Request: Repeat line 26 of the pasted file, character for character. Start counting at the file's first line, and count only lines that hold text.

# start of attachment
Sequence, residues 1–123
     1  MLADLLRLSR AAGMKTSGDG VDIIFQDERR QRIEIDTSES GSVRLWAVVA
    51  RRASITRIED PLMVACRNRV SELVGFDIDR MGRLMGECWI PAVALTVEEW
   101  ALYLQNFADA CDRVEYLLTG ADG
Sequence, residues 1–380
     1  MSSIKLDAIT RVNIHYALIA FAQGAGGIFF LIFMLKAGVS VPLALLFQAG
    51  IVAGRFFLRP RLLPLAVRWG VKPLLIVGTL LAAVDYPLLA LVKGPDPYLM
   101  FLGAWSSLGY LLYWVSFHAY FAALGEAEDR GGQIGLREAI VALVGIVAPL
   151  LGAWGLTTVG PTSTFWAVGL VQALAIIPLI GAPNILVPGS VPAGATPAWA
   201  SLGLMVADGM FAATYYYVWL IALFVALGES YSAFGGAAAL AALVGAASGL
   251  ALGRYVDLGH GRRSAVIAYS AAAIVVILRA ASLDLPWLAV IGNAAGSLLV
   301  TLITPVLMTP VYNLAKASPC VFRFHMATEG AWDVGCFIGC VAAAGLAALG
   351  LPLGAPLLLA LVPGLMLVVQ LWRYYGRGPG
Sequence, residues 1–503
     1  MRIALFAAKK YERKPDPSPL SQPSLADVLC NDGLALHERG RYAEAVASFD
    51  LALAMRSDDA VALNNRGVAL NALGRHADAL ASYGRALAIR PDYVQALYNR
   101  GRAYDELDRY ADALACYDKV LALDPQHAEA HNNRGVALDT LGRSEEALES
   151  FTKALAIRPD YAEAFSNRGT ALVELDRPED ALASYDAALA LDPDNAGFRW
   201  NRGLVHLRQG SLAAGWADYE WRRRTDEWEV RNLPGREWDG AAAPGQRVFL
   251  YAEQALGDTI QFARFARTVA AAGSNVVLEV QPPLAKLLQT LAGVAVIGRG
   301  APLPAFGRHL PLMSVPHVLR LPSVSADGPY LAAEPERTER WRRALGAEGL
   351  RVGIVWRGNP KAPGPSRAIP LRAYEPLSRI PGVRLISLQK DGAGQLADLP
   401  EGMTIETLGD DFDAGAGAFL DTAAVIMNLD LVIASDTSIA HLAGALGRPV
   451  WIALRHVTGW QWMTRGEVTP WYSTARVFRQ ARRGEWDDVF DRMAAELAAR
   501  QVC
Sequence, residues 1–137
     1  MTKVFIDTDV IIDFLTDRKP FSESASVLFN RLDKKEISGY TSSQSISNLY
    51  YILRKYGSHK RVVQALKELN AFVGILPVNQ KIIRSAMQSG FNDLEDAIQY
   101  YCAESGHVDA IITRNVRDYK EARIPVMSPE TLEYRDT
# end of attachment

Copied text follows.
Sequence, residues 1–137